# Piston problem including force and work

• jessiemay1993
In summary, the problem given is to find the work done by a gas in a cylinder with a cross-sectional area of 0.02 m^2, when the gas exerts a constant pressure of 7.8x10^5 Pa on the piston, moving it a distance of 0.06 m. The equation Pressure*Area=Force was used to find the force, which was then plugged into the equation Force*distance=Work. The answer choices are A. 6.5*10^2 J, B. 9.4*10^2 J, C. 6.5*10^8 J, and D. 9.4*10^8 J. The correct answer

#### jessiemay1993

The problem given says: A cylinder has a cross-sectional area of 0.02 m^2. How much work is done by a gas in the cylinder if the gas exerts a constant pressure of 7.8x10^5 Pa on the piston, moving it a distance of 0.06 m?

I figured I needed to find the work, but I didn't have the force.

So I tried the equation Pressure*Area=Force

Then to get work, I used the equation Force*distance=Work

For the force, I got 15600. I then plugged that into the second formula as force and got 936. I have a really strong feeling it's not correct. My answer choices are as followed: A. 6.5*10^2 J B. 9.4*10^2 J C. 6.5*10^8 J and D. 9.4*10^8 J

I'm really confused on this and would really appreciate the help. My teacher doesn't really teach us what we need to know. Just throws it up on the board, briefly talks about it and expects us to learn from that. So would someone also help me understand Thermodynamics? It would be greatly appreciated :]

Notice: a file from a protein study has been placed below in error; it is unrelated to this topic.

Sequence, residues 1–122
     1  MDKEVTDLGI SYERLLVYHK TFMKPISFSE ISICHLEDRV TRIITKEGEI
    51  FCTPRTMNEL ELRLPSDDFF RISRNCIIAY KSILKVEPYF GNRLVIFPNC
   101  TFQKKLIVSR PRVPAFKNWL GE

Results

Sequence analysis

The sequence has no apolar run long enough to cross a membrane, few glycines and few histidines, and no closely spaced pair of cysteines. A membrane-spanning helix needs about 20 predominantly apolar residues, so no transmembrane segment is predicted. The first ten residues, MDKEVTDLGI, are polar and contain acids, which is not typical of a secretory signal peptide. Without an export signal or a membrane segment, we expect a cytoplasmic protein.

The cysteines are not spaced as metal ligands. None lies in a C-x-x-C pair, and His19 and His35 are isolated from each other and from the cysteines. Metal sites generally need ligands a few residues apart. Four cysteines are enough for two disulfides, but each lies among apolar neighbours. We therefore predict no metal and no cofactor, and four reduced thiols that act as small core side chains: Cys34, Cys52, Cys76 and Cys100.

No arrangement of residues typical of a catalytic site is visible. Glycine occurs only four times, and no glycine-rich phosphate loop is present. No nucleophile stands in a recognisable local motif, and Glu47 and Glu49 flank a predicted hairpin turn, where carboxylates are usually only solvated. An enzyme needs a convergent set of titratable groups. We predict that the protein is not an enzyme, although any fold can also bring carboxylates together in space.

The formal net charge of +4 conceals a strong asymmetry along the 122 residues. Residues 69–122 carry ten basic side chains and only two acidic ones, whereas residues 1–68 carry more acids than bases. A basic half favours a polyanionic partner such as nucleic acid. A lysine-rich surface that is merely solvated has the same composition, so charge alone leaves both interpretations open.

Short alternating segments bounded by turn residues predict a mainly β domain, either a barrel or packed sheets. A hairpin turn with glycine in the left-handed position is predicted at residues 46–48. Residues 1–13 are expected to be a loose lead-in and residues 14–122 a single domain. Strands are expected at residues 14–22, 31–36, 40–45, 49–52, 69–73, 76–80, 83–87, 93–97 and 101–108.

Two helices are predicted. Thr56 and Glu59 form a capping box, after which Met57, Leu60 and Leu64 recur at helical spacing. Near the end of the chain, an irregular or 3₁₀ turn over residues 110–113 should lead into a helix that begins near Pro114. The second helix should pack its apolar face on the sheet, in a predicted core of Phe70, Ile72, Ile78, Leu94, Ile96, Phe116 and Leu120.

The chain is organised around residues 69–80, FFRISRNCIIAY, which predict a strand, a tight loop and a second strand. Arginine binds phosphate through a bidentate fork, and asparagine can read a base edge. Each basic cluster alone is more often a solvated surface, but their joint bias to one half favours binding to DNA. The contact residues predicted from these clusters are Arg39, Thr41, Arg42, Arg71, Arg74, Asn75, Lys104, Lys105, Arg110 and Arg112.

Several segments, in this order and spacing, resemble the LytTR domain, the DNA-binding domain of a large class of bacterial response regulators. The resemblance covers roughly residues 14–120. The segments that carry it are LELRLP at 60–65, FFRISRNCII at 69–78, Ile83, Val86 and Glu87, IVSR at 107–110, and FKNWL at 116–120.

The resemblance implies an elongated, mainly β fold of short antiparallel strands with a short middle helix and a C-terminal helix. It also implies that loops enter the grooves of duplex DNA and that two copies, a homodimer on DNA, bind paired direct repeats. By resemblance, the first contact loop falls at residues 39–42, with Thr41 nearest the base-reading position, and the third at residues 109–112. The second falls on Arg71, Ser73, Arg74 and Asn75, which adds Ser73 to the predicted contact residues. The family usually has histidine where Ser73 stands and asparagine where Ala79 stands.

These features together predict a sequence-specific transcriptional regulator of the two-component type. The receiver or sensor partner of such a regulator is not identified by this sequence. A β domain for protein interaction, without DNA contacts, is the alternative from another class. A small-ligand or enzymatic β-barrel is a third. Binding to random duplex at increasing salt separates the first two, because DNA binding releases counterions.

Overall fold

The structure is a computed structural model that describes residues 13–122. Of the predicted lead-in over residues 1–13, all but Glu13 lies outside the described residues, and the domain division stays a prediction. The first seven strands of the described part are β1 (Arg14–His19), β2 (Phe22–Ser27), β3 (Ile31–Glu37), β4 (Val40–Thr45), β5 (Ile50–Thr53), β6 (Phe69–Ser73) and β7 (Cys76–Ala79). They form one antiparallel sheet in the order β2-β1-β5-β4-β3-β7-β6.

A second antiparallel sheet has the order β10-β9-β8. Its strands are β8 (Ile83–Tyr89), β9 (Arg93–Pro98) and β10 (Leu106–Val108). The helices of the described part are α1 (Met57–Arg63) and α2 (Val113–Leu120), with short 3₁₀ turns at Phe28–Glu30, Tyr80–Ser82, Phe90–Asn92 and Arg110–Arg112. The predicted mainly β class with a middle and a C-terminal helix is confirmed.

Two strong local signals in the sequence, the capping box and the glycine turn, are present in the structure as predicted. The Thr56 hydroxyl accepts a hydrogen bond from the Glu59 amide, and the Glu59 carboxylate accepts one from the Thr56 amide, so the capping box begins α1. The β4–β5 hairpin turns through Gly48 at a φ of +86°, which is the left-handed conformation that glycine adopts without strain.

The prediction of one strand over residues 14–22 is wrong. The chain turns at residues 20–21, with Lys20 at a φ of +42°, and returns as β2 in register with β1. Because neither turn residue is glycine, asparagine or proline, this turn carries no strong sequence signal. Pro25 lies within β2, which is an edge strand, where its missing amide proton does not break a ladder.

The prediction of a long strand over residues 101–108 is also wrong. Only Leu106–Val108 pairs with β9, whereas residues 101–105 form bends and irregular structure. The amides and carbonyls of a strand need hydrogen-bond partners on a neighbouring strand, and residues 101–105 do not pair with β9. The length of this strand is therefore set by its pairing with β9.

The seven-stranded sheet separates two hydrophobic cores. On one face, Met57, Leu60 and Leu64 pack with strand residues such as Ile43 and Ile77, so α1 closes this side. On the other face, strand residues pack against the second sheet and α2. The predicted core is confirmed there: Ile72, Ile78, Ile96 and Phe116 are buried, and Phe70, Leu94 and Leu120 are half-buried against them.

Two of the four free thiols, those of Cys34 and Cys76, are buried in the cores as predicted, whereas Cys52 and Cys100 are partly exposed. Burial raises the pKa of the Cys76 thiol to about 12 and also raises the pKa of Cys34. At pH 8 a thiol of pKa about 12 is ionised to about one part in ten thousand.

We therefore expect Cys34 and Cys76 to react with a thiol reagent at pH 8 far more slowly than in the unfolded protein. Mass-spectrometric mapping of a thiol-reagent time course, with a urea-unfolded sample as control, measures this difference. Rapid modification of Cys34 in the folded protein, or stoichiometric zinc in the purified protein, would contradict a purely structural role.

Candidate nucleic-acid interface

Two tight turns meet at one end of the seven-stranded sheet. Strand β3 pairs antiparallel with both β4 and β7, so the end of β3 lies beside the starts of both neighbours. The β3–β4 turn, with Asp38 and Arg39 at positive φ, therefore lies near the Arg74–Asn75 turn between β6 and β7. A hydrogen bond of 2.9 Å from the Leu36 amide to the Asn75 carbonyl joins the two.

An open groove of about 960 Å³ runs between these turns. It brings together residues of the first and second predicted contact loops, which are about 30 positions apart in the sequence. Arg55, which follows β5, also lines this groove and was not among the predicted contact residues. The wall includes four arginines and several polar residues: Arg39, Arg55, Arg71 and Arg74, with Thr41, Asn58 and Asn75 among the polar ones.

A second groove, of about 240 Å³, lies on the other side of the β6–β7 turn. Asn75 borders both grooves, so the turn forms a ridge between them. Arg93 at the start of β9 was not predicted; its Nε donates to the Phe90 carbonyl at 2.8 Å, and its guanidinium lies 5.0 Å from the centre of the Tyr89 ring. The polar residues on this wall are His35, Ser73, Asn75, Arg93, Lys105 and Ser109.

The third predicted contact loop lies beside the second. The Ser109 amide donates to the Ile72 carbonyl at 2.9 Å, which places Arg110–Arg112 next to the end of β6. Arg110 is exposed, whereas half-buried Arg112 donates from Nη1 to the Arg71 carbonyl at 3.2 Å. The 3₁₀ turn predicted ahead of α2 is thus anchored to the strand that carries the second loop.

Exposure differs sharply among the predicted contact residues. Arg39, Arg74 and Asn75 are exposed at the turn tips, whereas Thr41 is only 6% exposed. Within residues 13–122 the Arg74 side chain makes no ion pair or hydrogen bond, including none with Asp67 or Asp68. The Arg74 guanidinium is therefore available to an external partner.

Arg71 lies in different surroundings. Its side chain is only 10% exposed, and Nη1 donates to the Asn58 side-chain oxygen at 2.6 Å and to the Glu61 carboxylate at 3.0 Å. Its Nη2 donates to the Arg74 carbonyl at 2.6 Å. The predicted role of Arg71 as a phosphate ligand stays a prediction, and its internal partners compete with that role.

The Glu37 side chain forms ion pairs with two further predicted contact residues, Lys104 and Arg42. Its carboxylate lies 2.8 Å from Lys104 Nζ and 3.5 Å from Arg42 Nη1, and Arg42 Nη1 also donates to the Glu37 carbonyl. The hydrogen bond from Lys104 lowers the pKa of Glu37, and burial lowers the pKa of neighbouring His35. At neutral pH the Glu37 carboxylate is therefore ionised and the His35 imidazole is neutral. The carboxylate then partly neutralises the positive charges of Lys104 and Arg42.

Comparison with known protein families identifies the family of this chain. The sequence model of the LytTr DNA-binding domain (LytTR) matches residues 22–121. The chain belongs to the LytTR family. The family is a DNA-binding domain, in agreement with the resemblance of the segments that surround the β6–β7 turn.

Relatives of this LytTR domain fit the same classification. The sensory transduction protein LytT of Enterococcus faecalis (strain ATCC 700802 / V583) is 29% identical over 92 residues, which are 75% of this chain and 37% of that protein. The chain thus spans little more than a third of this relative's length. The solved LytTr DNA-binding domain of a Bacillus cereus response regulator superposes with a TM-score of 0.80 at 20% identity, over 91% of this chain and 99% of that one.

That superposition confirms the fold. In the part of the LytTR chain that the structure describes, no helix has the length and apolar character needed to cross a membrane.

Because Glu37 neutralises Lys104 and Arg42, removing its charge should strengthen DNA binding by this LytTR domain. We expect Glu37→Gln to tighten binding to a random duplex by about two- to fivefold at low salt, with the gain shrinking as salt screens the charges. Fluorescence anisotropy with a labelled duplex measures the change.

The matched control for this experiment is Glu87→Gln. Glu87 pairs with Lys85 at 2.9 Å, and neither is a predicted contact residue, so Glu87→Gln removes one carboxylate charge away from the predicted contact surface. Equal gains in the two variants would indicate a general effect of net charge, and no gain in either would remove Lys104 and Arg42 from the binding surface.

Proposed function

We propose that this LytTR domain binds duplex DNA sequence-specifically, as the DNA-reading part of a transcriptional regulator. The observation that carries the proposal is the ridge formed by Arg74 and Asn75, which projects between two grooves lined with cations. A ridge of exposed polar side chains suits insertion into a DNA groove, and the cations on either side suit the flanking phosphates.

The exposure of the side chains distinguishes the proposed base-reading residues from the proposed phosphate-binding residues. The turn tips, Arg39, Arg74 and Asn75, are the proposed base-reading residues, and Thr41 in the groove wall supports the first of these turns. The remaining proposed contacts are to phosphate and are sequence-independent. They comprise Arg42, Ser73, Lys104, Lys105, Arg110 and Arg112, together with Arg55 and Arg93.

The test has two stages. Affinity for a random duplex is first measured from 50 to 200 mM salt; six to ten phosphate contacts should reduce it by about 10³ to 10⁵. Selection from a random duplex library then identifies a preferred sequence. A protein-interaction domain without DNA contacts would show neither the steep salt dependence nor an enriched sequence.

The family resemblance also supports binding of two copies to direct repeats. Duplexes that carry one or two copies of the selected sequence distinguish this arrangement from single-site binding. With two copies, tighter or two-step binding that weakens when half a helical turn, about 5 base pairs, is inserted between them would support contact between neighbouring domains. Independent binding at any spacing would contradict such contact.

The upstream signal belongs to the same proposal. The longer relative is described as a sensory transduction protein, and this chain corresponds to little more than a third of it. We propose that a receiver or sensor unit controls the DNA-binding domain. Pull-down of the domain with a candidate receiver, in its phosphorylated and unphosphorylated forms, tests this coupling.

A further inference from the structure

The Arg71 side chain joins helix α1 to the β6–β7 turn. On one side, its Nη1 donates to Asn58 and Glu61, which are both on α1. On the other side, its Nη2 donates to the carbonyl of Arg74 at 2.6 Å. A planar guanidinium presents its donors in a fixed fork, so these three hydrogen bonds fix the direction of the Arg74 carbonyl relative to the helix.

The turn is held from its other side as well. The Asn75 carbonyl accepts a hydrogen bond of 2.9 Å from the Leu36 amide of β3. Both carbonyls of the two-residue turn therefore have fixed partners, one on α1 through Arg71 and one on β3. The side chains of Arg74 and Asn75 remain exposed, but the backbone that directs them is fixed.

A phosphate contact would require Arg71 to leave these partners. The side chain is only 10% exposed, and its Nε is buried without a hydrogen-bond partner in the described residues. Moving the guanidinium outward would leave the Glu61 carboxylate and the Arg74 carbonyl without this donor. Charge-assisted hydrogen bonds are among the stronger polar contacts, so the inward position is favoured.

Thank you in advance,
Jessica

Change you answer to scientific notation or the 4 choices to standard notation.

A. 6.5×102 J B. 9.4×102 J C. 6.5×108 J and D. 9.4×108 J

Your answer is very close to one of them.

Wow! Thank you so much :]

Also: d(Work) = pressure*d(volume) ;)

gomunkul51 said:
Also: d(Work) = pressure*d(volume) ;)

What? Now I'm super confused

jessiemay1993 said:
What? Now I'm super confused
Don't be confused. It just arithmetic:

$$W = F \times \Delta d = (P \times A) \times \Delta d = P \times (A \times \Delta d) = P \times (\Delta V)$$

where $\Delta V$ is the change in volume of the gas.

AM

@jessiemay1993: if you want to be confused, take Engineering Thermodynamics ;)

Andrew Mason <--- what he said ;)

what answer you got was with the assumption that the pressure remains constant. but actually it does not as the pressure and volume are inter related. but since you have no initial value of he volume the assumption may be correct.

what equation gomunkul51 has written is the same as yours when keeping pressure constant. its just written in a different way. so no need to be confused